Pain below the ribcage

Discussion in 'General Fitness' started by Amarcus, Sep 14, 2003.

  1. Amarcus

    Amarcus Guest

    Hi, I'm new here. I have not been a big fan of sports, indeed I've been a lazy potato couch all my
    life... until recently. What happened recently is I started suffering from depression, and from the
    advice of some friends (scientists) and from what I've read on the net and the medline, I discovered
    that physical exercise has great anti-depressant effects. It boosts up the feel-good chemicals in
    our body (endorphins, phenylethylamines...etc). I've taken up jogging (25-30 min each day) and been
    doing it for about 10 days now. I feel pretty much better and my outlook on life has improved. But
    that's a bit beside the point, for what I want to ask is this: When I am running, within like 15
    minutes (when I start feeling tired), I start having an internal pain on my right side just below
    the ribcage. That pain goes away the minute I stop running. What is it? I think it's not the stomach
    (I believe the stomach's on the left; but then again I'm not that good in anatomy). And does anyone
    know how to get rid of that pain? I want to go on jogging but that pain really annoys. Thanks.
     
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  2. Stephen

    Stephen Guest

    Maybe it's a cramp? Or maybe your pushing yourself to hard?

    "amarcus" <[email protected]> wrote in message news:[email protected]...
    > Hi, I'm new here. I have not been a big fan of sports, indeed I've been a
    lazy
    > potato couch all my life... until recently. What happened recently is I
    started
    > suffering from depression, and from the advice of some friends
    (scientists) and
    > from what I've read on the net and the medline, I discovered that physical exercise has great
    > anti-depressant effects. It boosts up the feel-good chemicals in our body (endorphins,
    > phenylethylamines...etc). I've taken up jogging (25-30 min each day) and been doing it for about
    > 10 days now. I
    feel
    > pretty much better and my outlook on life has improved. But that's a bit beside the point, for
    > what I want to ask is this: When I
    am
    > running, within like 15 minutes (when I start feeling tired), I start
    having an
    > internal pain on my right side just below the ribcage. That pain goes away
    the
    > minute I stop running. What is it? I think it's not the stomach (I believe
    the
    > stomach's on the left; but then again I'm not that good in anatomy). And
    does
    > anyone know how to get rid of that pain? I want to go on jogging but that
    pain
    > really annoys. Thanks.
     
  3. Jake Lee

    Jake Lee Guest

    Hey,

    Congrats on the newfound running activity. I've been a life-long sufferer of varying degrees of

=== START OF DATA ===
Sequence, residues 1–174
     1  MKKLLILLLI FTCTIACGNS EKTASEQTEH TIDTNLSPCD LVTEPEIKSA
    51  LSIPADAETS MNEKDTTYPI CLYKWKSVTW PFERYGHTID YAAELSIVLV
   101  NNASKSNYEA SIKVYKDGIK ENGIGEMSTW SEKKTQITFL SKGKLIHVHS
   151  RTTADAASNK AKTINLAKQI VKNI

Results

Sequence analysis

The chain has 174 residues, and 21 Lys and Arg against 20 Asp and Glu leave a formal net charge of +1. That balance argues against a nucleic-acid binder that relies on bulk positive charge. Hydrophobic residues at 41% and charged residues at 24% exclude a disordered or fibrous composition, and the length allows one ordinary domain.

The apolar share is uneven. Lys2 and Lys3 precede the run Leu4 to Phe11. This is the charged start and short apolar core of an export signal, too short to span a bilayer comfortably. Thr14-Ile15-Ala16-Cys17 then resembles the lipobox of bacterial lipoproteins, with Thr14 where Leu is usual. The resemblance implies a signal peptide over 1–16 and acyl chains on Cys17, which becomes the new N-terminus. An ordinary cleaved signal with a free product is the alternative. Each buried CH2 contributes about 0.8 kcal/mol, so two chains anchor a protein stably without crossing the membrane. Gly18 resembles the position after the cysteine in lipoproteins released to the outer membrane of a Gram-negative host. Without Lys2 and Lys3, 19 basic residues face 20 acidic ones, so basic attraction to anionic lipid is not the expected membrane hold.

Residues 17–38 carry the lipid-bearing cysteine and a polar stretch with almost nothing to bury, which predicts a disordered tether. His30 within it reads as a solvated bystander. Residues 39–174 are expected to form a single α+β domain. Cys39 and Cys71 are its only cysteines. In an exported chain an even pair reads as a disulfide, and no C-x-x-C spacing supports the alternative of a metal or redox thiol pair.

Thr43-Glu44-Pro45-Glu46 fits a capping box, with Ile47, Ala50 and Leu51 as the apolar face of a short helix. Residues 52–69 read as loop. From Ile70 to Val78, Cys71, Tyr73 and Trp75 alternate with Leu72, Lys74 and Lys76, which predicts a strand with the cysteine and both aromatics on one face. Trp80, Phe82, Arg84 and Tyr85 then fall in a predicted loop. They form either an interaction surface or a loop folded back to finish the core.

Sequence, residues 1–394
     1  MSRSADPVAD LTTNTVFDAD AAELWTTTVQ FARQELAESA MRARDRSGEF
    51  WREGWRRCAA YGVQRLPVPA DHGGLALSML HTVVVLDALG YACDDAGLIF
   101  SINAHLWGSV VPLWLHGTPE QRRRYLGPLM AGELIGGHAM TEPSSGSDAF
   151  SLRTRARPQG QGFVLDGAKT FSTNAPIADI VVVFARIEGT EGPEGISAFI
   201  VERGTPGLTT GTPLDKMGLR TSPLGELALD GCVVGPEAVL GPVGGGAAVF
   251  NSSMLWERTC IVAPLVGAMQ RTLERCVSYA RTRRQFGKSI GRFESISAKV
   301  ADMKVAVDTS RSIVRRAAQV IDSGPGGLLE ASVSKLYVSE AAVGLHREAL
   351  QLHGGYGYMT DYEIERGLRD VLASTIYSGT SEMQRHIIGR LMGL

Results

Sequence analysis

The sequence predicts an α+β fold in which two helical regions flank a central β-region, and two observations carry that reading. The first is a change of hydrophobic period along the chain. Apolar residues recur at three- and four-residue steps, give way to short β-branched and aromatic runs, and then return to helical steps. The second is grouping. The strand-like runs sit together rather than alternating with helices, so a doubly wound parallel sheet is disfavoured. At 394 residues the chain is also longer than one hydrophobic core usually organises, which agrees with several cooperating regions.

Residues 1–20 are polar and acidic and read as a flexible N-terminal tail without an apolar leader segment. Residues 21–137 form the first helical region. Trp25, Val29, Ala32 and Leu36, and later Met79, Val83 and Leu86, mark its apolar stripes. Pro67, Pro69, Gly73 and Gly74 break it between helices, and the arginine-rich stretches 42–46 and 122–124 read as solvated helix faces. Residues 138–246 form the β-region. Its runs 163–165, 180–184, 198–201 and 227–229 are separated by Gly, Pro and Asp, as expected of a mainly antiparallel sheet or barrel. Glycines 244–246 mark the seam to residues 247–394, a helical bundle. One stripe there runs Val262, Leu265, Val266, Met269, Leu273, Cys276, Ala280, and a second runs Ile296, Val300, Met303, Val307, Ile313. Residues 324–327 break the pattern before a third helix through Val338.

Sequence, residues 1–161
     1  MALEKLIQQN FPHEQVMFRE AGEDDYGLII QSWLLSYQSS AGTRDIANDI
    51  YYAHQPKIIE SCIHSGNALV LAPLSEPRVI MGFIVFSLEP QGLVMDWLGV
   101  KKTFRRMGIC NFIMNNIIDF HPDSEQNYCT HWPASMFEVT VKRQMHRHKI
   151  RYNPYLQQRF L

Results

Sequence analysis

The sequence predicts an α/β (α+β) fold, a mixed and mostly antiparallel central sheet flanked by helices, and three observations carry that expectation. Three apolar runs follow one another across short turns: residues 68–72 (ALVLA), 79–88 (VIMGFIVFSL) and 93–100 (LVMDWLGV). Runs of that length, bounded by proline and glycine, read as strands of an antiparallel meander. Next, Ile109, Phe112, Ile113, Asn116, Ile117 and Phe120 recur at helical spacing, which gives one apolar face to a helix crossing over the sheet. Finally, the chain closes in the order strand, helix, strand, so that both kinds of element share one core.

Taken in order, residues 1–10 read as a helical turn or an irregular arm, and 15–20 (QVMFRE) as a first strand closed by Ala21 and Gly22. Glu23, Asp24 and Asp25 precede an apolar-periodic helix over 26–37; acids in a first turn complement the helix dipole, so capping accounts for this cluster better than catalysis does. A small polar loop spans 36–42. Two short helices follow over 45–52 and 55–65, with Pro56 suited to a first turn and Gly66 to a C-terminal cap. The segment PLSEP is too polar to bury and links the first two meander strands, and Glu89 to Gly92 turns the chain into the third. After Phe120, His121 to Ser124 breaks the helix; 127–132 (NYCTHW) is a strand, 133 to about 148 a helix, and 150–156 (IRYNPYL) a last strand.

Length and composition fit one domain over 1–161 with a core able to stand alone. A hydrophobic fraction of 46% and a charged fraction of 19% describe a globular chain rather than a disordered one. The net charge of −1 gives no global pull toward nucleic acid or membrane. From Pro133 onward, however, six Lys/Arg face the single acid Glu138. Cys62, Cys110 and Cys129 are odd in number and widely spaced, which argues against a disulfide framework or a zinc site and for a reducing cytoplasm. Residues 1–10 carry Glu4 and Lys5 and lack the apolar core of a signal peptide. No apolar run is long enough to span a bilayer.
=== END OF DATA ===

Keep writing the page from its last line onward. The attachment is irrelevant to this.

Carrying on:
depression and have seemingly managed to beat it now that I've been running for roughly 7 months
    straight now, and no desire whatsoever to stop anytime soon!

    ....just thought I'd share...

    Anyway, as for you abdominal pain, I suggest you give this article a read, and see if it looks to
    match what you describe (it seems to)

    http://www.makeithappen.com/wis/readings/sidest.html

    "amarcus" <[email protected]> wrote in message news:[email protected]...
    > Hi, I'm new here. I have not been a big fan of sports, indeed I've been a
    lazy
    > potato couch all my life... until recently. What happened recently is I
    started
    > suffering from depression, and from the advice of some friends
    (scientists) and
    > from what I've read on the net and the medline, I discovered that physical exercise has great
    > anti-depressant effects. It boosts up the feel-good chemicals in our body (endorphins,
    > phenylethylamines...etc). I've taken up jogging (25-30 min each day) and been doing it for about
    > 10 days now. I
    feel
    > pretty much better and my outlook on life has improved. But that's a bit beside the point, for
    > what I want to ask is this: When I
    am
    > running, within like 15 minutes (when I start feeling tired), I start
    having an
    > internal pain on my right side just below the ribcage. That pain goes away
    the
    > minute I stop running. What is it? I think it's not the stomach (I believe
    the
    > stomach's on the left; but then again I'm not that good in anatomy). And
    does
    > anyone know how to get rid of that pain? I want to go on jogging but that
    pain
    > really annoys. Thanks.
    >

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  4. Urban Bettag

    Urban Bettag Guest

    > But that's a bit beside the point, for what I want to ask is this: When I
    am
    > running, within like 15 minutes (when I start feeling tired), I start
    having an
    > internal pain on my right side just below the ribcage. That pain goes away
    the
    > minute I stop running. What is it? I think it's not the stomach (I believe
    the
    > stomach's on the left; but then again I'm not that good in anatomy). And
    does